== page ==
Do you remember learning about Maslow’s hierarchy of needs?  In the context of Maslow’s hierarchy, some students are reacting to the threats they perceive to their physical and safety needs, which are the foundational level of the hierarchy.  Until they get some reassurance that those physical and safety needs are met, it will be difficult for faculty to help them move up the hierarchy toward the self-actualization that comes from even passing their classes, not to mention earning their degrees.

 

I was heartened to see a recent joint statement from Chancellor White and CSSA President Lopez committing to support all members of the CSU community.  Some presidents and other campus leaders have issued similar statements of support.  As I indicated, the last Senate meeting occurred prior to the election so I cannot convey an official position of the Senate, but personally I’d like to align myself with these commitments to promote inclusion and open dialogue.  It’s the right thing to do.

 

The second elephant in our room that should be discussed in order to survive is a tuition increase.  Even though the prospect wasn’t presented to the Board for formal consideration at its most recent meeting, that elephant wandered through the room and made a lot of noise outside the Chancellor’s Office building.

 

The ASCSU has a resolution in first reading calling for increased funding to the CSU to avert a tuition increase.  We note in the resolution that there has been a dramatic disinvestment in the CSU by the State of California, and even a small tuition increase can be a significant burden, especially on those students who are most vulnerable.  We pledge to work with the California State Student Association, the Chancellor’s Office, and the Board of Trustees to avert such a prospect, and we will watch closely as events develop.  We hope increased state funding can keep this elephant from charging.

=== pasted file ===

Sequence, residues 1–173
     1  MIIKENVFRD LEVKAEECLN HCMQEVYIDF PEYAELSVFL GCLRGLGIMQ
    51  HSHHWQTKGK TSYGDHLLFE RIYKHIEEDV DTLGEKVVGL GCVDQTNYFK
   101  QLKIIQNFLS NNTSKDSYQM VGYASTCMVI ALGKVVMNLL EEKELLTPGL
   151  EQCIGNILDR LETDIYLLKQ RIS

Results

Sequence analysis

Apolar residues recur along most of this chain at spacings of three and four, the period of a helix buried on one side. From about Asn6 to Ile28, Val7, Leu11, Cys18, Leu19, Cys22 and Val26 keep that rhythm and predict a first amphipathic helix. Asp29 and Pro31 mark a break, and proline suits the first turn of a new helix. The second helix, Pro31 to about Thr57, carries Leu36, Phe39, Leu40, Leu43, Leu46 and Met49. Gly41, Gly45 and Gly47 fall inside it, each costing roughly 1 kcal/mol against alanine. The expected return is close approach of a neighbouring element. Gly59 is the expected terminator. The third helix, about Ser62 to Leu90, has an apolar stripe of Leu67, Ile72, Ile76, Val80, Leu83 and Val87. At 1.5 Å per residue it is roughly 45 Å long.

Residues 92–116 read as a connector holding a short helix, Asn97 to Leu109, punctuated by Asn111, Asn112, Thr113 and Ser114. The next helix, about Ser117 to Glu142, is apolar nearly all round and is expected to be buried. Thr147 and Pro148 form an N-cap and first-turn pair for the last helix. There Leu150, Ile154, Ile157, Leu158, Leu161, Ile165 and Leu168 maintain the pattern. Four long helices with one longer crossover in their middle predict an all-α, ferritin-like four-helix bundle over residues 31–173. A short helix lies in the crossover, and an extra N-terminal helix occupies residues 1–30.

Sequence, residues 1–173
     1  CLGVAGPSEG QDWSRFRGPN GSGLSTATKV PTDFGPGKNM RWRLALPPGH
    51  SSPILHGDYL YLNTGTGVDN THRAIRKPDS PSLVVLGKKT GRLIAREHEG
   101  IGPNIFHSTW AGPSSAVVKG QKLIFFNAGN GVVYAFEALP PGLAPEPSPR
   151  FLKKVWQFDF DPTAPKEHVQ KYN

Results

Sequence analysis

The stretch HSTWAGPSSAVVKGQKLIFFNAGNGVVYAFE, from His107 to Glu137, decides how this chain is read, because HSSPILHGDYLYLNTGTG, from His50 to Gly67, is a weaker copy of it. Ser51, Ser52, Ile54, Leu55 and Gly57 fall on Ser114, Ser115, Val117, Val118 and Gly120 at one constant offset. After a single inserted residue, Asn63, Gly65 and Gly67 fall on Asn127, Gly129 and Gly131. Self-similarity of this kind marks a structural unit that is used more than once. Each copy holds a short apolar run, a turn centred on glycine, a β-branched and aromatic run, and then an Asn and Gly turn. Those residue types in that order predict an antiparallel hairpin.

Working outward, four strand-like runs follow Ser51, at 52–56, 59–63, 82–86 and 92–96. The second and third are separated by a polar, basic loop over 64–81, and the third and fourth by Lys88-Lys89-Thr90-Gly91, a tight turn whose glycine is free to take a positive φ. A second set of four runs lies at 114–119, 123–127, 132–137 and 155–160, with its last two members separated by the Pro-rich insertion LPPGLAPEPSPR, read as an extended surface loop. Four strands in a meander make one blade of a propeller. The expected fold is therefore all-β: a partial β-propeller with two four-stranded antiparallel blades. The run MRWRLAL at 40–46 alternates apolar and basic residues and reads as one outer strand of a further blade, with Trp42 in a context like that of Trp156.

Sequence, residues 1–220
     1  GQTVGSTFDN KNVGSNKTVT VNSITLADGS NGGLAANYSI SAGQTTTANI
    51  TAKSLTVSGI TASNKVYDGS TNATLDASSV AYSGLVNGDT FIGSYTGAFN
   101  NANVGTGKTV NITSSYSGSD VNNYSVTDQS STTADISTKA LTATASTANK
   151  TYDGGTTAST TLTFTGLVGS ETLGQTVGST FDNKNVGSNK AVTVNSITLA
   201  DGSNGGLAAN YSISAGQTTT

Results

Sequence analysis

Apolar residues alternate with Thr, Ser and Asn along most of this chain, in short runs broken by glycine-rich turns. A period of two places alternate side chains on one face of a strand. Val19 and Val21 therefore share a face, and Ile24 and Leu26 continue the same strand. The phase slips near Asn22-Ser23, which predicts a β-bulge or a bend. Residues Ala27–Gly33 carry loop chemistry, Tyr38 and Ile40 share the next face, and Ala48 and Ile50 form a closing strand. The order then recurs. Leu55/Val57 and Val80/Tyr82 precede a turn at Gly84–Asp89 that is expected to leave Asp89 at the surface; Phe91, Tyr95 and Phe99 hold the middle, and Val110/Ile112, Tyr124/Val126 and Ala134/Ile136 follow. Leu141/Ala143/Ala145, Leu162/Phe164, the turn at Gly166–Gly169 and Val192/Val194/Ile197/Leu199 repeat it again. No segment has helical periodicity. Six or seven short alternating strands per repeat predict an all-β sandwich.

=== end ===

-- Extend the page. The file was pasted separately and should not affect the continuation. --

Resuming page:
That’s why we unanimously approved a resolution supporting the Board’s 2017-18 budget request.  But we didn’t stop there.  We made a specific recommendation to earmark half of the monies dedicated to the Graduation Initiative to help address the tenure density problem.  In the past, when the State of California targeted eleven million dollars for tenure track hiring, the funds were comingled with student success efforts, and it wasn’t clear that the eleven million was used to hire faculty over and above what had already been planned in the hiring cycle.  We think specifically earmarking funds from the Graduation Initiative to tenure track hiring will ensure that the goals of the Initiative itself can be met.  As Assistant Vice Chancellor Jeff Gold said during the Board of Trustees meeting, “our faculty are at the center of student success.”  So, no amount of simplifying paperwork for graduation, no microloan for non-payment of tuition, and no data dashboard can substitute for the impact that tenure-track faculty have on student success.  We encourage the Chancellor and the Board of Trustees to target part of the funds for the Graduation Initiative toward improving tenure density.  Moreover, the ASCSU looks forward to joining in advocacy for the support budget so that the Graduation Initiative can get funded and a tuition increase isn’t necessary.